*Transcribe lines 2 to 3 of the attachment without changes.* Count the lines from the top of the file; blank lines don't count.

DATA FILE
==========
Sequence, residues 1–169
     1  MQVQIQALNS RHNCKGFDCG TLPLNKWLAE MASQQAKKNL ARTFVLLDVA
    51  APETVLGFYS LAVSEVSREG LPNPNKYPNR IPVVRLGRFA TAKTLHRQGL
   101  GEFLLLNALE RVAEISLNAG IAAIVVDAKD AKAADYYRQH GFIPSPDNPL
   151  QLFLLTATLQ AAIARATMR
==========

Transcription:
     1  MQVQIQALNS RHNCKGFDCG TLPLNKWLAE MASQQAKKNL ARTFVLLDVA
    51  APETVLGFYS LAVSEVSREG LPNPNKYPNR IPVVRLGRFA TAKTLHRQGL